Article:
1934: When low-wage workers fought back

Union Square, 1934, some 60,000 communists gather in New York City to protest unemployment and capitalism.

Union Square, 1934, some 60,000 communists gather in New York City to protest unemployment and capitalism.

As 2014 begins, workers and oppressed people in the United States are looking at the fight ahead. Low-wage workers are on the move, demanding higher wages, union rights and dignity.

Eighty years ago, workers were also fighting back and organizing for justice. The year 1934 was a turning point in the class struggle, and a great year for the working class. It was a year when low-paid workers shook the foundations of the U.S.

The low-wage workers of the 1930s were often recent immigrants from Italy, Eastern Europe or Ireland who worked in industries. Some African-American workers, who had moved north trying to escape Jim Crow, also worked in the industries, receiving even lower wages. The steel mills, textile plants, packing houses and other urban industrial centers were known for their low wages, lengthy hours and unsafe working conditions.

Beginning in 1929, the U.S. was experiencing the infamous Great Depression. Laid-off workers were poorly clothed, hungry and homeless across the country. Starting in 1931, there were huge uprisings of unemployed workers. The Hunger Marches, led by the Unemployed Councils, brought out thousands of workers to demand “Work or wages now!” “Don’t starve, fight!” was the slogan as veterans held the famous Bonus March of 1931, demanding benefits and occupying Washington, D.C.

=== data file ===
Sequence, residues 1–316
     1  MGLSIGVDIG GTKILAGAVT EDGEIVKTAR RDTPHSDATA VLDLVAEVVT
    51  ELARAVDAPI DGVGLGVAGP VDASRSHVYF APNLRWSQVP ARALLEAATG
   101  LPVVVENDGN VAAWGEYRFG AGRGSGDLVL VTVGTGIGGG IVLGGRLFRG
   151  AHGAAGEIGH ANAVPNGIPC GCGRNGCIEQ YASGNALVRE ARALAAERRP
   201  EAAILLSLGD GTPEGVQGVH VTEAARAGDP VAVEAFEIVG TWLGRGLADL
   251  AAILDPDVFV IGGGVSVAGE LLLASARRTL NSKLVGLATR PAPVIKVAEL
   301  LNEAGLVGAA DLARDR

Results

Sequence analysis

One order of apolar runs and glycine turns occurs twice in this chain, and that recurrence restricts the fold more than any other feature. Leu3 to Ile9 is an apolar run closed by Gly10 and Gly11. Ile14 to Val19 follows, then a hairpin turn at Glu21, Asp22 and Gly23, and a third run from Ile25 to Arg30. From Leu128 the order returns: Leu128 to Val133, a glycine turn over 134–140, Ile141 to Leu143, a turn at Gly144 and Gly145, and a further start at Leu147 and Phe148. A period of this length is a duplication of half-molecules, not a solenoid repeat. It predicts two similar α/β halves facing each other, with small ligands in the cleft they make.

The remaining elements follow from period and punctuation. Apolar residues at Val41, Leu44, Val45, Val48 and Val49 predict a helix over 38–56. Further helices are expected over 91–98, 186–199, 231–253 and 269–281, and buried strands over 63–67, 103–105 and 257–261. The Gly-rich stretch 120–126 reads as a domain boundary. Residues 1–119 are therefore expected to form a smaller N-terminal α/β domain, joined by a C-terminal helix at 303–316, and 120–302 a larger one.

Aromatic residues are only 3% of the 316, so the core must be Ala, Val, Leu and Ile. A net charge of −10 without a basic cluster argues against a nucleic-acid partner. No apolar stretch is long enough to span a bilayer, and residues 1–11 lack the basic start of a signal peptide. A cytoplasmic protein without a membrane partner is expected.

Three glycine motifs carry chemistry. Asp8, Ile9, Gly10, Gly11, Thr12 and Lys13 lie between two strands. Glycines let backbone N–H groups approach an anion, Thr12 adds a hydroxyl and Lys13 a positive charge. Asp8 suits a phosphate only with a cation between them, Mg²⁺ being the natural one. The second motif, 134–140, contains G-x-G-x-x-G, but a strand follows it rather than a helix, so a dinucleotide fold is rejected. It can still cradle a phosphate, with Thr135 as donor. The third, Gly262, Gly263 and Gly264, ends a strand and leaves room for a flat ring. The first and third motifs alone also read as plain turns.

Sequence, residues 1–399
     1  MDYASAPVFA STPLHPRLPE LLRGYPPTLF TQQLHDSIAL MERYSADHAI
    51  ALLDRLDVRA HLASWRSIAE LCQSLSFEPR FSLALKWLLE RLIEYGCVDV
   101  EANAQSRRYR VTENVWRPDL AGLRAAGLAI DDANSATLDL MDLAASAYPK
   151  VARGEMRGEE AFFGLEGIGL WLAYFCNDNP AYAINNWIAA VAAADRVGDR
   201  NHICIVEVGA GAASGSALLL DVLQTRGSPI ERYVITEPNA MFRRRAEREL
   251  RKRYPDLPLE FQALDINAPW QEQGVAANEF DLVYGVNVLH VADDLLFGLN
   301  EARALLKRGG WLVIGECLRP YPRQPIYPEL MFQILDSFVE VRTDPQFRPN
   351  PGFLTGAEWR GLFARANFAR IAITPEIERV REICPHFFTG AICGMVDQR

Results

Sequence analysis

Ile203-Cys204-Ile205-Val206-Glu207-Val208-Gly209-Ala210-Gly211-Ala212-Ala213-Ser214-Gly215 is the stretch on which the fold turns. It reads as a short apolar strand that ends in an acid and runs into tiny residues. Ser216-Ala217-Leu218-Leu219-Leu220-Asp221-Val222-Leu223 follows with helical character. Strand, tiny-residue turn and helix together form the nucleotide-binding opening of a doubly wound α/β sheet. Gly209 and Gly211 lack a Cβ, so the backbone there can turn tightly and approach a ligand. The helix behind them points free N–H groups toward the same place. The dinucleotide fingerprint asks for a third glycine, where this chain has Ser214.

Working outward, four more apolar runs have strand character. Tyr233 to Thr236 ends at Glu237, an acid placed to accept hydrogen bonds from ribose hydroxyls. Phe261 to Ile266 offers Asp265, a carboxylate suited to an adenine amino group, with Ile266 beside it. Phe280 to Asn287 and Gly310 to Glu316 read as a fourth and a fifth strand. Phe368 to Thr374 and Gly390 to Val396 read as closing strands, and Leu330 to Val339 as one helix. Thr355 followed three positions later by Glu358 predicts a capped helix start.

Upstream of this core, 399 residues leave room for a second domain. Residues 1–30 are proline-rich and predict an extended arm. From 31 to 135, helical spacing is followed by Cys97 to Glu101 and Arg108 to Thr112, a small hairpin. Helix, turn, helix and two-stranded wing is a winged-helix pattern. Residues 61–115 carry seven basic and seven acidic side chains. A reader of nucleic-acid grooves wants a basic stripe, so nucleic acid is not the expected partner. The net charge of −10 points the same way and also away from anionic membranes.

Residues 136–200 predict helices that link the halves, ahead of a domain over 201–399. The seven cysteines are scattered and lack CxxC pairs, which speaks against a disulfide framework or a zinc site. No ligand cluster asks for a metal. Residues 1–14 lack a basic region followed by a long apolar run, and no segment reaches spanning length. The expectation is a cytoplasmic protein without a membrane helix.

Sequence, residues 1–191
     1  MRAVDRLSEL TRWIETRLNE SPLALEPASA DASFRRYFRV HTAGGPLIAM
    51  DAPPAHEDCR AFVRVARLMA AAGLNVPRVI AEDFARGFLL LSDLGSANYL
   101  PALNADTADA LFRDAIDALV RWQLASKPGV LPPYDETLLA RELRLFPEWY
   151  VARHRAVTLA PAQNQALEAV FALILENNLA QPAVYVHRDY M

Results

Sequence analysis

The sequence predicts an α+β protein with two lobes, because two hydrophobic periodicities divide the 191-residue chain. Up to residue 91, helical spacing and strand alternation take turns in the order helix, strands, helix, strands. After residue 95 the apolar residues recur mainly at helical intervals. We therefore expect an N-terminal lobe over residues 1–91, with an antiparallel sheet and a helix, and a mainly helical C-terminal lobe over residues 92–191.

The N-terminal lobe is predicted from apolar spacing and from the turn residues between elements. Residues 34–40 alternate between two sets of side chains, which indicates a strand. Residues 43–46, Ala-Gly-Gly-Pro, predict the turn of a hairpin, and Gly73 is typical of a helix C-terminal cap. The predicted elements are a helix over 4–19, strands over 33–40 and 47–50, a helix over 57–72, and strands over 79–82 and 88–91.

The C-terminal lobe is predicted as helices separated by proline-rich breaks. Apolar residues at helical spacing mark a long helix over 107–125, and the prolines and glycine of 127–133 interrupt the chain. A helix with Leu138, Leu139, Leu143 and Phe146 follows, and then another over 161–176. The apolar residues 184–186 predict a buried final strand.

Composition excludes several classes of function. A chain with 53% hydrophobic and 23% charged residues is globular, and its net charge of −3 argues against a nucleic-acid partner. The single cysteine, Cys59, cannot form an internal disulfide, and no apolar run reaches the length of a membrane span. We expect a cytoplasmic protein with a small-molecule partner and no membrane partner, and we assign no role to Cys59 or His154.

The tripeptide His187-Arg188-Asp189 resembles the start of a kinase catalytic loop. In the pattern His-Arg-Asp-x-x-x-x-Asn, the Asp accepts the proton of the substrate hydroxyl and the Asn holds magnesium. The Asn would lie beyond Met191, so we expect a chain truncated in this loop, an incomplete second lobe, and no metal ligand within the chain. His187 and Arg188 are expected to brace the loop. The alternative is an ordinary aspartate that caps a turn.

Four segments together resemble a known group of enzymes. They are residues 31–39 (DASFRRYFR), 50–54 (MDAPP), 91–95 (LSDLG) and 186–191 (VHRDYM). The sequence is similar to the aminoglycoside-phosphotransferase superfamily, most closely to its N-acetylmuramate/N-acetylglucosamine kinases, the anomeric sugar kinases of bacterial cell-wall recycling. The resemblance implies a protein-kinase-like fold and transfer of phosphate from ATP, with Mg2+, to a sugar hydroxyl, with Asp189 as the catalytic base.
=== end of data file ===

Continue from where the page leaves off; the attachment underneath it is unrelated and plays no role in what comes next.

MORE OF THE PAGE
Many radical organizers looked for inspiration to the Soviet Union at the time, which was having an economic boom while the rest of the world was in a depression. Workers were inspired to fight back by communist leaders, who agitated about how unemployment, homelessness and poverty would be eliminated in a “Soviet America.”

With unemployed workers and veterans already in motion, it was in 1934 that low-paid industrial workers took action on the job.

The general strike wave

In San Francisco, the dockworkers shut the city down. They refused to unload the ships until their union was recognized and the humiliating “shape up” practices were ended. The union also demanded that Black workers be hired to work on the docks. When the longshore workers went on strike, workers all throughout the city joined them. President Franklin D. Roosevelt begged the strikers to return to work, as businesses throughout the country could not receive imported goods. Four longshore workers were killed by the National Guard, who opened fire on the striking workers.

When the strike was finally over, the longshore workers had won many of their demands. They had union representation, much higher pay and better working conditions. Black workers were hired to work alongside white workers on the docks. The International Longshore and Warehouse Union still represents the dockworkers on the West Coast to this day.